The basic background always falls into one of a few camps:

The zombies portrayed always fall into one of three types:

  • “believable” – ie, slow, uncoordinated, existing only to feed and replicate their infection/condition, and gradually getting worse / more decomposed
    • may include non-human zombification, but generally within certain “guidelines” (eg the animal size and type (mammal) limit in the Newsfleshiverse)
    • traits of the recently infected/”undead” most closely resembling the uncontaminated “living”
    • may have zombies display apparent semi-rational activity as the virus (most often) in control decides whether to feed or replicate (generally related to the time elapsed from contamination and/or from last feed/spread activity)
    • may display hive/swarm “mentality” in large enough groups (Mira Grant and George A Romero)
    • any of George A Romero’s works, or the AMC (and graphic novel) series The Walking Dead are good examples of this classification
  • “superhuman” – fast, ravenous, unintelligent, but displaying swarm/hive mentalities
    • because the adherents of this theory tend to discount decomposition to some greater or lesser degree, the universes tend to be substantially more violent and bleak than in the “believeable” category
    • the Dawn of the Dead remake 9 years ago, 28 Days Later, and the movie adaptation of World War Z are prime examples of this zombie theory (interestingly, Max Brooks’ book World War Z (my review) did not have the superhuman zombie type on display)
    • not all superhuman zombie examples are outside the realm of plausibility outside their own worlds, but most stretch believability past where you could think, “hey – that could happen” (especially when dealing with “infections”)
  • “transhuman” – research / engineering gone wrong
    • this category tends toward the superhuman
    • may (and often does) include non-human zombification
    • can only exist in the world created by the imaginers – ie, the background explicitly makes known that it is not “our” world, but the one of the story-teller’s making (though, of course, it may closely mimic our world)
    • Resident Evil is a perfect example of the transhuman category


The CDC released a “Zombie Preparedness Guide” in the last few years. Some people have scoffed at the concept, citing the guide as a prime example of government waste – up there with the $7600 coffee pot on the C-5 Galaxy and congressional pensions.

However, especially because of the recent spike in interest of the topic of zombies among the general public, such a guide is a fantastic way to raise public awareness to general emergency preparedness, under the guise of humor and fantasy. Such techniques have been employed throughout history (thinking in somewhat recent past, consider the cartoons that accompanied movies in the 30s, 40s, and 50s or the “duck and cover” songs with the turtle propagated during the height of the Cold War; you could also cite the “this is your brain .. this is your brain on drugs” ads from the 80s and 90s with an egg and then the same egg cracked and sizzling in a frying pan).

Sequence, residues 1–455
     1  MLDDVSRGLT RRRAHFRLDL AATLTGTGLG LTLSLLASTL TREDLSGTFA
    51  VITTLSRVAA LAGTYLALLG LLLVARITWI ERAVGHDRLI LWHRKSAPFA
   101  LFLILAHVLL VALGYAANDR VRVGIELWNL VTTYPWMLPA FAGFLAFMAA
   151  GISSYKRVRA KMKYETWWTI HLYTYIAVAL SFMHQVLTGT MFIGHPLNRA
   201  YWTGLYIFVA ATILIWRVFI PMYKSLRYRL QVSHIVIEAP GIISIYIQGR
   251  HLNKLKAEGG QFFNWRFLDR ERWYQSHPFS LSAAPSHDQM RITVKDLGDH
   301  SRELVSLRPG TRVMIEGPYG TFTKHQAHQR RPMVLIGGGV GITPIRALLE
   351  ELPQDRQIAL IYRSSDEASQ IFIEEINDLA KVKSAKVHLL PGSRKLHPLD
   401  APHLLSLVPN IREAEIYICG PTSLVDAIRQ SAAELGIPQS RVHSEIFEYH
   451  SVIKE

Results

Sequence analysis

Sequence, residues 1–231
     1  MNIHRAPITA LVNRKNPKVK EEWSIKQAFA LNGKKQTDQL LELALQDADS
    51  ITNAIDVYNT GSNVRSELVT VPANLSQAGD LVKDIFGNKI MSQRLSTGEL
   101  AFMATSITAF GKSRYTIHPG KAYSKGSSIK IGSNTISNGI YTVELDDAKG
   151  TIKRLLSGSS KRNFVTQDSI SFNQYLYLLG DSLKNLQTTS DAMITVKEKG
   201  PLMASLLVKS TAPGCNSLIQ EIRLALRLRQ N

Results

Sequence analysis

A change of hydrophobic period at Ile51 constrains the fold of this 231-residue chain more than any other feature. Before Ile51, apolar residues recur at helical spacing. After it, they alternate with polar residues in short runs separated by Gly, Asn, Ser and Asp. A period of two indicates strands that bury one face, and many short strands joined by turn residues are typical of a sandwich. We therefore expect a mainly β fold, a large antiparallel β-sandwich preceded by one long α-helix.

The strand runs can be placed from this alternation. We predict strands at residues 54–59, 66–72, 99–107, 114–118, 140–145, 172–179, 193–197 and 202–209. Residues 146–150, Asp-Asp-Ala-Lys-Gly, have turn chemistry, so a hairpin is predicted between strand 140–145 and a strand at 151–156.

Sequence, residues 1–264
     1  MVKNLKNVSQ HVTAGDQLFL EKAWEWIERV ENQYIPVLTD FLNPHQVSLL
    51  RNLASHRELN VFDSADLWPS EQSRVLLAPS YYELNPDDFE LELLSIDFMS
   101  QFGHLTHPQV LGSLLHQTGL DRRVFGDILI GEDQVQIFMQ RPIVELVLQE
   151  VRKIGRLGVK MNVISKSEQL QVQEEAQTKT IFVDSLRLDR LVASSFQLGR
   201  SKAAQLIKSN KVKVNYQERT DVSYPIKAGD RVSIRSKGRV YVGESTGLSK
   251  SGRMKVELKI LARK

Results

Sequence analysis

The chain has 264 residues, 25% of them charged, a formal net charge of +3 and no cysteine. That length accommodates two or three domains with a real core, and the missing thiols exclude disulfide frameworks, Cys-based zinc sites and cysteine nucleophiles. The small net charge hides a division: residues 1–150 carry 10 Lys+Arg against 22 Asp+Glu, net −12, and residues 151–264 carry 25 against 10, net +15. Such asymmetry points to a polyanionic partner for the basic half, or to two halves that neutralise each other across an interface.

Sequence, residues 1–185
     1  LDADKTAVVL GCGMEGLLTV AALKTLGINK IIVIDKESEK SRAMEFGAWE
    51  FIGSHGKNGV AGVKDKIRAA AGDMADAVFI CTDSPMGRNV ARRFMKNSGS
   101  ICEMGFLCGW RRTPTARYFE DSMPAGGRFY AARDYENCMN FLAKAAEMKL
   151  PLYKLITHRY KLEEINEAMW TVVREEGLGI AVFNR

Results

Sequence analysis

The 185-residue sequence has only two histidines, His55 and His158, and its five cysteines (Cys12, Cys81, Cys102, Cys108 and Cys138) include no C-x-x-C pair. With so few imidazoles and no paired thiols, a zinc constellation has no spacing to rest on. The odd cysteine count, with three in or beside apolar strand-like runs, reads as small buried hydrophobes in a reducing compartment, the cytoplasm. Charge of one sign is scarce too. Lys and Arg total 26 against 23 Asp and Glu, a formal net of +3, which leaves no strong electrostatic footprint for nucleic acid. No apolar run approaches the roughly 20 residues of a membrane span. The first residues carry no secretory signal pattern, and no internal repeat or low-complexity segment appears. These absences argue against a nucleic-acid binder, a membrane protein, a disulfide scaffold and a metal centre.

Unlike aliens (and demons, djinn, and similar otherworldly beings), vampires and zombies do not come from anywhere but “here” (excluding the intergalactic space dust creation theory of Fido and others – where the zombies are terrestrial, but the cause is not). The purely terrestrial – though typically unexplained, and certainly not understood – nature of the creatures that want to eat us gives them an unusual power over our psyche that cartoonish or non-terrestrial evil cannot. If aliens, a la those in Independence Day, come to invade earth – there’s not much we can do (because by now they’ve all seen the movies we’ve made, and know not to come here if they’re allergic to our bacteria (War of the Worlds), hygrophobic (Signs), or running compatible-with-a-Mac-and-CodeWarrior computers susceptible to electronic infiltration by a cable guy with a master’s from MIT).

If vampires exist, depending on which vampireverse is most true, there are ways of destroying them … though it’s hard (fire, silver weapons, the sun, etc).

And if zombies can exist, we all know from every good zombie story (though first promulgated in the Night of the Living Dead) that we can kill them “in the brain and not the chest, headshots are the very best”.

If vampires and zombies are our most primal supervillains, who are our superheroes to deal with them?

Though mentioned, there are many of other myths of the undead, third-world, and/or otherworld inhabitants, including jinn (include Vikram the Vampire in Alif the Unseen by G Willow Wilson (review), aliens, and daemons. Perhaps I’ll get around to writing about them someday. But for now, I’ll keep them as mere passing references.